Early Repeat Caesareans Found to Increase Risks to Baby

Shannon Eubanks, with husband Gaston and their new baby, Kathleen Conley Eubanks, in a hospital in Chapel Hill, N.C., scheduled a Caesarean section for her 39th week of her pregnancy, the recommended delivery time, to help avoid complications.
Shannon Eubanks, with husband Gaston and their new baby, Kathleen Conley Eubanks, in a hospital in Chapel Hill, N.C., scheduled a Caesarean section for her 39th week of her pregnancy, the recommended delivery time, to help avoid complications. (By Stephanie Crayton -- Associated Press)

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By Rob Stein
Washington Post Staff Writer
Thursday, January 8, 2009

The common practice of scheduling a Caesarean section a little early to make childbirth more convenient sharply increases the risk that babies will be born with potentially serious complications, according to the first large-scale study to examine the dangers.

The study of more than 24,000 full-term infants found that those delivered at 37 weeks to mothers who had elective repeat C-sections were about twice as likely as newborns delivered at the recommended 39 weeks to experience breathing problems, bloodstream infections and other complications. Babies born at 38 weeks were 50 percent more likely to have problems; the risk was about 20 percent higher just a few days early.

"Having a baby at term, you might expect the baby would do well and come to your room with you and then go right home with you," said Catherine Y. Spong of the National Institute of Child Health and Human Development, which sponsored the study in today's issue of the New England Journal of Medicine. "This shows there are significant risks."

The findings come as health authorities have become increasingly alarmed about the rate of Caesarean births, which has been rising steadily and is now at an all time-high, according to another federal report released yesterday. More than a third of U.S.-born babies are delivered by C-section, which involves removing the baby through a surgical incision in the abdomen instead of vaginally through labor.

The reason for the increase has been the subject of intense debate. In part it is the result of more women having children later in life, when complications are more common. In part it is because doctors are identifying more problem pregnancies early and intervening to protect the mother or the baby. And once a woman has had a C-section, she is much more likely to deliver subsequent children the same way.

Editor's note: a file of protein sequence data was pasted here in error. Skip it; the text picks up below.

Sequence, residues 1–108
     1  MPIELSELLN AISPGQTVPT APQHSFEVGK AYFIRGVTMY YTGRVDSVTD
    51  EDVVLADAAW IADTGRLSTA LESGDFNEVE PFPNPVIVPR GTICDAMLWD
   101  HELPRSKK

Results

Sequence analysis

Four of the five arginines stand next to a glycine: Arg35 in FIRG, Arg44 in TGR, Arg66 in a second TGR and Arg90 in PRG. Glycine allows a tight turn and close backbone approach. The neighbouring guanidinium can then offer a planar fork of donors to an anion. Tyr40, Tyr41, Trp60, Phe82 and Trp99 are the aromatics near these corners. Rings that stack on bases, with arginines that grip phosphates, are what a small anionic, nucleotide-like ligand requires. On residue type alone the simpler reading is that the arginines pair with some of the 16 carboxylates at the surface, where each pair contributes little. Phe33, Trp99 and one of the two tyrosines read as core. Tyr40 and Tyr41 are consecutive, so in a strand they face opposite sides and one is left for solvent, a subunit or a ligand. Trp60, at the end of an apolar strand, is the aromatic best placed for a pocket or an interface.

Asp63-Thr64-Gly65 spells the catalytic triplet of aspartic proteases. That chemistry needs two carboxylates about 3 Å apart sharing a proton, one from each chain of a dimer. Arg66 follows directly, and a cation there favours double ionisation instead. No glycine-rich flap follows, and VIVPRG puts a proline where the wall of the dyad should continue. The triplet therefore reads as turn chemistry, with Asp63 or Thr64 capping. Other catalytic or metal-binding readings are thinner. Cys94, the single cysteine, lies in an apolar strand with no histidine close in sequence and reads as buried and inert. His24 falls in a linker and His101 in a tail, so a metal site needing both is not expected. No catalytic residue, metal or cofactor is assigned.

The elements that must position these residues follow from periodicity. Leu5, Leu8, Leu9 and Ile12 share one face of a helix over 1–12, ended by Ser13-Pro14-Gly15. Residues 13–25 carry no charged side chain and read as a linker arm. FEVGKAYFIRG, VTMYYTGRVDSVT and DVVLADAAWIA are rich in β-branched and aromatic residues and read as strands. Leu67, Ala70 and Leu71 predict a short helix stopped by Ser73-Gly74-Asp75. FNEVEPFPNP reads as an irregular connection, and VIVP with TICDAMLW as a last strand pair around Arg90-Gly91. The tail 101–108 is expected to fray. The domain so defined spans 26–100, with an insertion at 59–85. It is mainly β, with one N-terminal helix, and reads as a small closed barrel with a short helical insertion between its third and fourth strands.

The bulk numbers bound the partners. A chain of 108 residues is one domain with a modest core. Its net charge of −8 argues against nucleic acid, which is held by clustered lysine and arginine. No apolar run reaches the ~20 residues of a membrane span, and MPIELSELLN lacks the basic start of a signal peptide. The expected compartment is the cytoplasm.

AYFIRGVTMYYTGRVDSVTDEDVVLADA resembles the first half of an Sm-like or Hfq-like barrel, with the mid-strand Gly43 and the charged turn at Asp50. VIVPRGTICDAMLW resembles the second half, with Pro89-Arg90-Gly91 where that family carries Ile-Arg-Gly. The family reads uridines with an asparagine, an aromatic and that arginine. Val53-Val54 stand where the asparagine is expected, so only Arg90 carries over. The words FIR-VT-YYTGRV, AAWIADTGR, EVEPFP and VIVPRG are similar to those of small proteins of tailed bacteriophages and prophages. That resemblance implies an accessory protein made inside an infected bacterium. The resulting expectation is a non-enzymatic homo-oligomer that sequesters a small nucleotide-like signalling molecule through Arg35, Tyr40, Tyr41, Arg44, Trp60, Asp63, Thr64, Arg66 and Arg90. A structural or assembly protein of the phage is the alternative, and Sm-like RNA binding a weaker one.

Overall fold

Although a pregnancy is considered full term after 37 weeks, the American College of Obstetricians and Gynecologists recommends that elective repeat C-sections occur no earlier than 39 weeks to make sure the baby has fully developed. But some women opt to deliver a little earlier for a variety of reasons, including being eager to see their baby, being tired of pregnancy or for convenience.

"Sometimes a patient is bonded to their physician and that physician may be going out of town and the patient wants that physician to perform the delivery and says, 'Can we schedule it when you're in town?' " Spong said. "Sometimes her in-laws are coming at a certain time and she may want to deliver then."

Although previous studies have suggested increased risks in C-sections before 39 weeks, the new study is the first large-scale attempt to confirm and quantify those risks.

"I think that as a patient or a physician, you might be convinced that being close to 39 weeks is probably good enough and there's probably no difference if you are going to turn 39 weeks on a Sunday to have a Caesarean on, say, a Friday," Spong said. "Before this, we didn't have the data to say that there would be more risk."

For the study, Alan T.N. Tita of the University of Alabama at Birmingham and his colleagues analyzed data collected by the National Institute of Child Health and Human Development, which gathers data on pregnancies at 19 medical centers nationwide.

Of 24,077 women who gave birth through a repeat C-section between 1999 and 2002, 13,258 were clearly elective -- meaning the researchers could find no evidence that the baby or mother was in distress or any other medical reason the woman could not attempt to deliver through labor. Of those, nearly 36 percent of the deliveries occurred before 39 weeks.

"To have more than a third of them done before 39 weeks is surprising," Spong said. "These are all elective repeat Caesareans without a medical indication and without labor."


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